Yun-Wei Cao, Julia Aksenton, Victor Soloviev, and Uri Banin. 1999. “Colloidal synthesis and properties of InAs/InP and InAs/CdSe core/shell nanocrystals.” MRS Online Proceedings Library Archive, 571. Publisher's Version Abstract

High-temperature colloidal synthesis of InAs/InP and InAs/CdSe core/shell nanocrystal quantum dots is reported. InP and CdSe shells with several thicknesses were grown on InAs cores ranging in diameter between 20 to 50 Å. Optical spectra, X-ray photoelectron spectroscopy (XPS), transmission electron microscopy (TEM), and X-ray diffraction (XRD) were used to analyze the core/shell quantum dots and determine their chemical composition, average size, size distributions, and structures. The experimental results indicate that shell growth is uniform, expitaxial, and controllable. For both InP and CdSe shells, growth is accompanied by a red shift of the band gap energy as a result of the extension of the electron wavefunction into the shell region. An increase of the room temperature photoluminescence quantum yield by a factor of∼4 is observed with CdSe shell growth on InAs Cores. The growth of InP shells, however, quenches the photoluminescence quantum yield. The difference is assigned to outer surface effects in core/shell nanocrystals.

Alvin T Yeh, Giulio Cerullo, Uri Banin, Alf Mews, Paul A Alivisatos, and Charles V Shank. 1999. “Dynamics of exciton localization in CdS/HgS quantum-dot quantum wells.” Physical Review B, 59, 7, Pp. 4973. Publisher's Version Abstract

Localization of carrier wave functions to the quantum-well portion of the CdS/HgS quantum-dot quantum well (QDQW) is investigated. Nanosecond hole-burning (HB) spectra measure the photoinduced exciton coupling to a 250−cm−1 HgS phonon mode indicative of localization. Femtosecond pump-probe spectroscopy of these QDQW, however, show the photoinduced exciton couples to coherent 300−cm−1 CdS longitudinal optical-phonon modes, which is indicative of delocalization throughout the QDQW.  Femtosecond HB and three pulse pump-dump experiments reveal these results are dependent on the time scale of the experiment. These experiments indicate that the initially photoexcited electron and hole wave functions are weakly confined to the HgS monolayer. Only after long times (∼400 fs) will the exciton localize to the HgS well. These results indicate that the primary optical interaction excites electrons from a delocalized QDQW ground state and not from a localized HgS well state.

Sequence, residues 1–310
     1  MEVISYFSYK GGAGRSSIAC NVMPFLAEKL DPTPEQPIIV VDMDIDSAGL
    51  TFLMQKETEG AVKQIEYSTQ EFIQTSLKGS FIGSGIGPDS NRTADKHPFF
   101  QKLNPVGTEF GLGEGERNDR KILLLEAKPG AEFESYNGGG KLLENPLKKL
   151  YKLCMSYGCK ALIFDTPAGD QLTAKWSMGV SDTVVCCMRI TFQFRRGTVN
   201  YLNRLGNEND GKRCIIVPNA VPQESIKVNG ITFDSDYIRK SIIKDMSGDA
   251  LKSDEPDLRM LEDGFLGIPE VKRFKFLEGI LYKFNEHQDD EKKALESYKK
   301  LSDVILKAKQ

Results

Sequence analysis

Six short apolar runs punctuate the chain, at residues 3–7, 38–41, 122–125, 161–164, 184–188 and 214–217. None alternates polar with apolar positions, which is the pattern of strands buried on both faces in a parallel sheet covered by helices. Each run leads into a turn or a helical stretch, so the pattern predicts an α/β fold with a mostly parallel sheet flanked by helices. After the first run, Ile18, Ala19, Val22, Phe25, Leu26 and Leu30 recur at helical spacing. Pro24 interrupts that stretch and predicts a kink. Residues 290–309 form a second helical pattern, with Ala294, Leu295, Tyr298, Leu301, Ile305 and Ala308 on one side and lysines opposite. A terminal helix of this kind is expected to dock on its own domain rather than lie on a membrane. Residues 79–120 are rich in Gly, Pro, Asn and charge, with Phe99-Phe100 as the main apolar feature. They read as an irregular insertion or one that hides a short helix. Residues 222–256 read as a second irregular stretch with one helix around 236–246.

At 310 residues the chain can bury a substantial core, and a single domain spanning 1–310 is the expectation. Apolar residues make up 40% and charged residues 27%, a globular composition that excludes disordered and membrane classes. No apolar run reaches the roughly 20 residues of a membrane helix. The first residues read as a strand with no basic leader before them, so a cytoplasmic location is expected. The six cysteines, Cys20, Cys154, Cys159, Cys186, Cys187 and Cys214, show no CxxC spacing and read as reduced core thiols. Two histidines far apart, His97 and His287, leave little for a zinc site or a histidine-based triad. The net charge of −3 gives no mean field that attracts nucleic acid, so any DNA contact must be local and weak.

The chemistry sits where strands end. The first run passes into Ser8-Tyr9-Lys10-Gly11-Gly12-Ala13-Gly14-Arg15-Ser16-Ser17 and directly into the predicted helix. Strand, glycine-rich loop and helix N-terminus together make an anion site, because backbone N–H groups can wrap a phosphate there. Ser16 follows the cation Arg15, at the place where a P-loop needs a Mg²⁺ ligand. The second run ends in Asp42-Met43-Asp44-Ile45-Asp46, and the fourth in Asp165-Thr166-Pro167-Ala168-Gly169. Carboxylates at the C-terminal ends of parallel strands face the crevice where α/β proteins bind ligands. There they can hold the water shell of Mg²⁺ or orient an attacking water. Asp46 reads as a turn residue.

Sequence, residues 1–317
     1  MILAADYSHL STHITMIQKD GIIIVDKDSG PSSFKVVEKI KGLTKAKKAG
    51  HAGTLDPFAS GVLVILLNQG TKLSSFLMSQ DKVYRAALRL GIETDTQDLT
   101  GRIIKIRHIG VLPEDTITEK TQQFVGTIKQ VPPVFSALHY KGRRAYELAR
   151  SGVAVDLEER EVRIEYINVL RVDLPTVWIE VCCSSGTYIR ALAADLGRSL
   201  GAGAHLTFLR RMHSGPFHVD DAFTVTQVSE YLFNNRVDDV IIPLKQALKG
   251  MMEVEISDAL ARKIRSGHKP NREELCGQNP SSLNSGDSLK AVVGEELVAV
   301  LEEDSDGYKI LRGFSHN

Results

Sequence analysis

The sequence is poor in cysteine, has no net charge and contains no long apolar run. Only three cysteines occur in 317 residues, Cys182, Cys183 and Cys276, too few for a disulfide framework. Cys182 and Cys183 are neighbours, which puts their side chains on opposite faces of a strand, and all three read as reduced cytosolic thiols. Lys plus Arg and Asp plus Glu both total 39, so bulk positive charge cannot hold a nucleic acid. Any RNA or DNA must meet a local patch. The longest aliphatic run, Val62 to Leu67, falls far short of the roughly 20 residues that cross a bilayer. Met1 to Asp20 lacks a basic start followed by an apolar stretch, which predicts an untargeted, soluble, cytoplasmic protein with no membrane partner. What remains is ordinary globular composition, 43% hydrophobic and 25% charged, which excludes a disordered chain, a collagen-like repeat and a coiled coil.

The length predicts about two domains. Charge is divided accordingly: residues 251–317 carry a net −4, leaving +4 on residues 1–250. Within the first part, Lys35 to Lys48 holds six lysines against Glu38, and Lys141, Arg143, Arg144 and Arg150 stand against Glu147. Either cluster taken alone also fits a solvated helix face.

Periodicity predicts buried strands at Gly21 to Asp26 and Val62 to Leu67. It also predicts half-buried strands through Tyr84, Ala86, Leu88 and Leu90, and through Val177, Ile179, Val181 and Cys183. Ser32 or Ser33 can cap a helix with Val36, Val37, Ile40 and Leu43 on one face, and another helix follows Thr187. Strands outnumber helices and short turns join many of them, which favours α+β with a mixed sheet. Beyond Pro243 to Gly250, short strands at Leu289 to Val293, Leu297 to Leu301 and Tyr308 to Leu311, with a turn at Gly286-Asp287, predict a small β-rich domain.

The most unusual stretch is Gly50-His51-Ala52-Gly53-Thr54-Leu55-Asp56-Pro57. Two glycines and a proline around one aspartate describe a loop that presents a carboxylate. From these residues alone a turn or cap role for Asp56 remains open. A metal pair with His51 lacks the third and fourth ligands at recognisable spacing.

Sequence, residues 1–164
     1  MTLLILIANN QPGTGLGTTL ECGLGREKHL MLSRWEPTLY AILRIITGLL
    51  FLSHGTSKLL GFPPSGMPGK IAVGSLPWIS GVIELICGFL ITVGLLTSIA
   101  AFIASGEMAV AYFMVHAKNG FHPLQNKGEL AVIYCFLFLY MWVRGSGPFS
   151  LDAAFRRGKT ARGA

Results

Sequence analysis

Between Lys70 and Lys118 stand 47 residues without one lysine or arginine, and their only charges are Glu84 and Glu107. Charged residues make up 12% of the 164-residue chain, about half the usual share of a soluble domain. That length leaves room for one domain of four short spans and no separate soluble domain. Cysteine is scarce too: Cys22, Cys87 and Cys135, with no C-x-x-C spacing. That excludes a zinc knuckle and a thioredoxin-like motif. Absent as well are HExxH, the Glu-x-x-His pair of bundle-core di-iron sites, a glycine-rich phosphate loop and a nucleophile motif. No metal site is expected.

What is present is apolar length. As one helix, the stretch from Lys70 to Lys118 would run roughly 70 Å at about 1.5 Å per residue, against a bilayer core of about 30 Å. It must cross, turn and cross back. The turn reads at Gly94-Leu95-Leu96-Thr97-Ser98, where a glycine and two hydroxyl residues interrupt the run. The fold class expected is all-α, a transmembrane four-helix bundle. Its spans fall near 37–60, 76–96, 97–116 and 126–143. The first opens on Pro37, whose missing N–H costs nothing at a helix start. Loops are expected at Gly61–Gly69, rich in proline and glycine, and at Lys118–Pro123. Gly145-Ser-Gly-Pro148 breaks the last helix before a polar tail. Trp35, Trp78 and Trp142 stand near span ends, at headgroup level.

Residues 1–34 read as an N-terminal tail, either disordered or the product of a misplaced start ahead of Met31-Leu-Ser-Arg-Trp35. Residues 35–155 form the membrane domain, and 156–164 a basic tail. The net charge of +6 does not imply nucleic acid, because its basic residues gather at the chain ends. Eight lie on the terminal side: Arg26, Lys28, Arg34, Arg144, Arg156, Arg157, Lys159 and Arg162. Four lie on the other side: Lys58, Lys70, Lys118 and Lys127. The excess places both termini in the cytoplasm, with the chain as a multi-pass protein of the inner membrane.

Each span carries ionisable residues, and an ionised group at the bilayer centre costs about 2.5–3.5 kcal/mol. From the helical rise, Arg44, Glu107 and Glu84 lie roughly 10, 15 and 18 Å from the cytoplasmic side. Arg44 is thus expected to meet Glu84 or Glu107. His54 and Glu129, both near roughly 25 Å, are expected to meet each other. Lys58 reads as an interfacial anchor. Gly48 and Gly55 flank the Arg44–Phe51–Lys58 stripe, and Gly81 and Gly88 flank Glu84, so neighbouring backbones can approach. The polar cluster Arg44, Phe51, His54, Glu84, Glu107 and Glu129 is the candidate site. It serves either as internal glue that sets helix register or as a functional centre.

Uri Banin, Yunwei Cao, David Katz, and Oded Millo. 1999. “Identification of atomic-like electronic states in indium arsenide nanocrystal quantum dots.” Nature, 400, 6744, Pp. 542. Publisher's Version Abstract

Semiconductor quantum dots, due to their small size, mark the transition between molecular and solid-state regimes, and are often described as ‘artificial atoms’ (13). This analogy originates from the early work on quantum confinement effects in semiconductor nanocrystals, where the electronic wavefunctions are predicted4 to exhibit atomic-like symmetries, for example ‘s ’ and ‘p ’. Spectroscopic studies of quantum dots have demonstrated discrete energy level structures and narrow transition linewidths5,6,7,8,9, but the symmetry of the discrete states could be inferred only indirectly. Here we use cryogenic scanning tunnelling spectroscopy to identify directly atomic-like electronic states with s and p character in a series of indium arsenide nanocrystals. These states are manifest in tunnelling current–voltage measurements as two- and six-fold single-electron-charging multiplets respectively, and they follow an atom-like Aufbau principle of sequential energy level occupation10.

Yun‐Wei Cao and Uri Banin. 1999. “Synthesis and characterization of InAs/InP and InAs/CdSe core/shell nanocrystals.” Angewandte Chemie International Edition, 38, 24, Pp. 3692-3694. Publisher's Version Abstract

The effect of the outer surface of core/shell nanocrystals on the fluorescence quantum yield was observed for InAs/InP and InAs/CdSe core/shells (see picture). For InAs/CdSe we observed substantial enhancement of the fluorescence quantum yield compared to the InAs core, and up to two times larger than the laser dye IR‐140. Such core/shell nanocrystals have potential use as biological fluorescent markers in the near IR spectral range.